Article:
A very good place to start. When you read you begin with ABC, when you research you being with OPEN, IMMERSE, EXPLORE.
As promised, I am back again! This time, though, to share out the project the team of teachers and I developed at the CISSL Summer Institute in the Summer of 2014. Now that we have returned to school, I have spent this week jumping head first into a GID project with four sections of 6th grade ILA. Being my former stomping grounds, it is nice to work with that curriculum again, but in the context of library studies.
The thematic unit is Challenge and Change. Students read a variety of short non-fiction narratives, and stories about characters who have experienced challenges in their lives and brought about change because of those challenges. For the project, we are connecting directly to the curriculum, by having students explore a person who has experienced a challenge and then how they were able to create change.
We start OPEN with Kid President, who is an engaging and entertaining young man with a debilitating disease, which students soon learn about. They explore a series of resources (embedded below) and focus on answering questions connected with our theme of Challenge and Change. The Cornell notes sheet for this exploration can be found using the link at the bottom of the page.
Create your own Playlist on LessonPaths!
The next step is IMMERSE, which we spend a class period working on. Here students annotate three resources about freedom riders. This allows students the opportunity to do some close reading and really begin to see some different options for people they could research. Here, in the past, we have had access to a local member of the community who was a freedom rider, who would take student questions and answer them. I have since lost that contact and am currently brainstorming some other ways we could incorporate a “field trip” style experience for students in this step.
Currently we are working on the EXPLORE step of the project. Yesterday, students spent time in small friend groups (they will transition to thematic groups tomorrow), exploring a variety of possible research topics.
This is the most important step in the process, and the one which is left out most frequently!
Truly, it is worth taking the time to allow students to explore the possibilities for research in this step, your brain will thank you when you go to watch or grade the final products. This step is where your students begin to get excited about their research, because…wait for it… they have CHOICE in who/what they select for their topic.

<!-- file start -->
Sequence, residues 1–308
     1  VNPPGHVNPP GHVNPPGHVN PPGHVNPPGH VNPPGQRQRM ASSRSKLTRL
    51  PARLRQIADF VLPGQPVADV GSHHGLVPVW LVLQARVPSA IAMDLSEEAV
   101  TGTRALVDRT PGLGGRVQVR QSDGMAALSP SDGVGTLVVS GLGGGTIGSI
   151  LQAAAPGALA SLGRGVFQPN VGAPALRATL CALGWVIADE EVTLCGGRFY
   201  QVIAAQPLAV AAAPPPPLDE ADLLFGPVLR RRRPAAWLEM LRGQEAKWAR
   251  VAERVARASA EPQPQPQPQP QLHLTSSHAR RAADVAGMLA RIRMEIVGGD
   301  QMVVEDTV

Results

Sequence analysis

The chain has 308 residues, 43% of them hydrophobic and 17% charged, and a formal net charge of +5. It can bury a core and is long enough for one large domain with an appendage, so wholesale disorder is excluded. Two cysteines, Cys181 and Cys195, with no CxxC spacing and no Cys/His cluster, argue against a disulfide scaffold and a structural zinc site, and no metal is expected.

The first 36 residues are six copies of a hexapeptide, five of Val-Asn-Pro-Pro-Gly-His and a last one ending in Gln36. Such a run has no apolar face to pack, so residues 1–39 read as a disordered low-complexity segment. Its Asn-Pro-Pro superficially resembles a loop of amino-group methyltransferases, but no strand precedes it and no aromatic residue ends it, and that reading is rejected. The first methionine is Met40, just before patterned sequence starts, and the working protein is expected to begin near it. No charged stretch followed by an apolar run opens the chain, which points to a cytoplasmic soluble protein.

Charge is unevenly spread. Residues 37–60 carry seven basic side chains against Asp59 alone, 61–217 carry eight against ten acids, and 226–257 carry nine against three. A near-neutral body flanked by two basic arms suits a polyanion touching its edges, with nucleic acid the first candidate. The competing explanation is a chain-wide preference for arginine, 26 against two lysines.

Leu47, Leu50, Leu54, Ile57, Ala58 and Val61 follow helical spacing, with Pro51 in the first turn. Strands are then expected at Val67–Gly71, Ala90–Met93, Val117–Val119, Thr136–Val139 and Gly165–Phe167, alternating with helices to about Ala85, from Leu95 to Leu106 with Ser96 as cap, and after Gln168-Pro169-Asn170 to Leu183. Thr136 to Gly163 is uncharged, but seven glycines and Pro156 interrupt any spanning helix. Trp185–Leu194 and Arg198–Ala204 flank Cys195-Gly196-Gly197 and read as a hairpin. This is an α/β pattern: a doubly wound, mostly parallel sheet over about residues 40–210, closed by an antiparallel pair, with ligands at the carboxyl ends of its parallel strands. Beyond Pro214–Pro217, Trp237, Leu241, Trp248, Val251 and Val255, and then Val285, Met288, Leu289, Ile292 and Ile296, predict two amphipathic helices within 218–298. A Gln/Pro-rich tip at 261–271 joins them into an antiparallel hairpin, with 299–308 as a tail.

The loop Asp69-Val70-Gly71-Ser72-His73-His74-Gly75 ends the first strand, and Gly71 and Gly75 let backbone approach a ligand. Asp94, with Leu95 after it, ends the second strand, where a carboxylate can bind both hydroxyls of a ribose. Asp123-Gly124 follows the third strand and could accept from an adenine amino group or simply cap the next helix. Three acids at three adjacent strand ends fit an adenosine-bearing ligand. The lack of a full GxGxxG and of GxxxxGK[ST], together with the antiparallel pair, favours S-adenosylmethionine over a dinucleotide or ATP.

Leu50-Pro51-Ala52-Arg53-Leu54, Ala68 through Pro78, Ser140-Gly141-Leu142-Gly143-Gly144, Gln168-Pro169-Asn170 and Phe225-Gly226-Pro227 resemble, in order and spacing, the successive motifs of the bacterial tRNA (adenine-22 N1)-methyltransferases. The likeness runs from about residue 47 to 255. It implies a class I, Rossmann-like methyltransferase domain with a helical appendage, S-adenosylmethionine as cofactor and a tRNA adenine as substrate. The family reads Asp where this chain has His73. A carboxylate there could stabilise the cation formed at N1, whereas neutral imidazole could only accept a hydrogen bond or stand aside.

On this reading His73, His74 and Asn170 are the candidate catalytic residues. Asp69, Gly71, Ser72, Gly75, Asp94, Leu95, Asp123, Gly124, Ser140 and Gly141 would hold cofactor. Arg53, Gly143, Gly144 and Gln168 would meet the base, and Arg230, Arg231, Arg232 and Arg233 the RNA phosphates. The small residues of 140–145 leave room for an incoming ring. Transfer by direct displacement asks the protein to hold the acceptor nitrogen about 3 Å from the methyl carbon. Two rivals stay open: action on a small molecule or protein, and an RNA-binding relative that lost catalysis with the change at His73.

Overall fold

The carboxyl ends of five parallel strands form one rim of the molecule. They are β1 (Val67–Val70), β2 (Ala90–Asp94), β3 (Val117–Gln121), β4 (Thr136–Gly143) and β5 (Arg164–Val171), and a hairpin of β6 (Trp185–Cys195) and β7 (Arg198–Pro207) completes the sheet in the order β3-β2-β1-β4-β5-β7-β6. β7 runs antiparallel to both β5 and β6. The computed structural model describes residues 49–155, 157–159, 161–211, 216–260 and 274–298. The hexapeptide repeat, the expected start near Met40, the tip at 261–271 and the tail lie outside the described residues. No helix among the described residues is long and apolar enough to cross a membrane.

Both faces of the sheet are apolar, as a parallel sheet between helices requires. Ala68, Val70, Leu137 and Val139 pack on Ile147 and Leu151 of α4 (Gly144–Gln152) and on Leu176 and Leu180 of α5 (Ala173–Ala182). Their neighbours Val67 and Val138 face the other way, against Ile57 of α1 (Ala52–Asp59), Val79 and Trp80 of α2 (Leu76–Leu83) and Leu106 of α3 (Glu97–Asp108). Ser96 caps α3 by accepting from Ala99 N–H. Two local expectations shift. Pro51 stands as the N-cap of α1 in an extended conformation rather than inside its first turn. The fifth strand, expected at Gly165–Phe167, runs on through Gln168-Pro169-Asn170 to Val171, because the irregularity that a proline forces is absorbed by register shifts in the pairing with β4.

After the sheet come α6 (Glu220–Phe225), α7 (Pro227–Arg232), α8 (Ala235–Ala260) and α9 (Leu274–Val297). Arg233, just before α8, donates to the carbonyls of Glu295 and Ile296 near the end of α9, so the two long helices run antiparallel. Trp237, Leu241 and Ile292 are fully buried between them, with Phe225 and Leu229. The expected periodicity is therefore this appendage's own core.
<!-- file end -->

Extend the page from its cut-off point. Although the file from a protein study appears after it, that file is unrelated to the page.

Today I repeated this line multiple times as we began to transition to the IDENTIFY stage:
Make sure you are selecting a topic you really like, not because your friends like that person, or because it will make you look cool, but because you are going to be truly passionate about them. You will have to spend the next week with this person, you want to make sure you like them or you will be miserable and it will show in your final product.
You see, it is not enough to just say, here is a list of topics, pick one. The value in EXPLORE comes when you allow students a “taste” of each of the options. Instead of choosing blindly from a pre-selected list, students are able to explore the options, watching multimedia content, skimming articles, flipping through the pages of books, and reading book jackets. Students then use an exploration chart to record those topics which catch their attention and drop those which are not of interest. (See Explore page in the link below for the chart). Using the chart prompts students to think more clearly about what they like and don’t like. Because of this, they are able to select a topic more effectively and efficiently than with previous processes.
As the librarian, it is my job to curate the resources necessary for student success and guide them to the appropriate sources for information. Purchasing titles which are connected to the theme for our collection, as well as pulling those for the exploration step and gather steps allows us to have some control over the topics, yet still makes students feel like they have some choice during the process.
Here is another quick video of what students were doing on Tuesday of this week for their Explore stage!
Throughout we have been using several of the strategies which get students up and moving and sharing their ideas as well as reflecting on the process. We use a daily quick write to help students connect with the research as well as make connections to prior readings. We also apply the community/city partner strategy which has students pair up on paper ahead of time and then when we say, “today you will share with your Decoy or Warrior partner,” they know exactly where to go and it is a big time saver.
More to come of our project as we continue with 52 Weeks of GID!
There are so many resources for this project that they would fill more than just a blog post, so here are the additional resources related to this project. Please feel free to use under the share and share alike license 🙂
Sarah – what a great post! I love all the details about things that worked for you. The emphasis on the steps that are frequently left out are so important!
Sarah, I appreciate not only the details you have provided but also the videos. It sounds like a well organized and thorough unit of study for the students.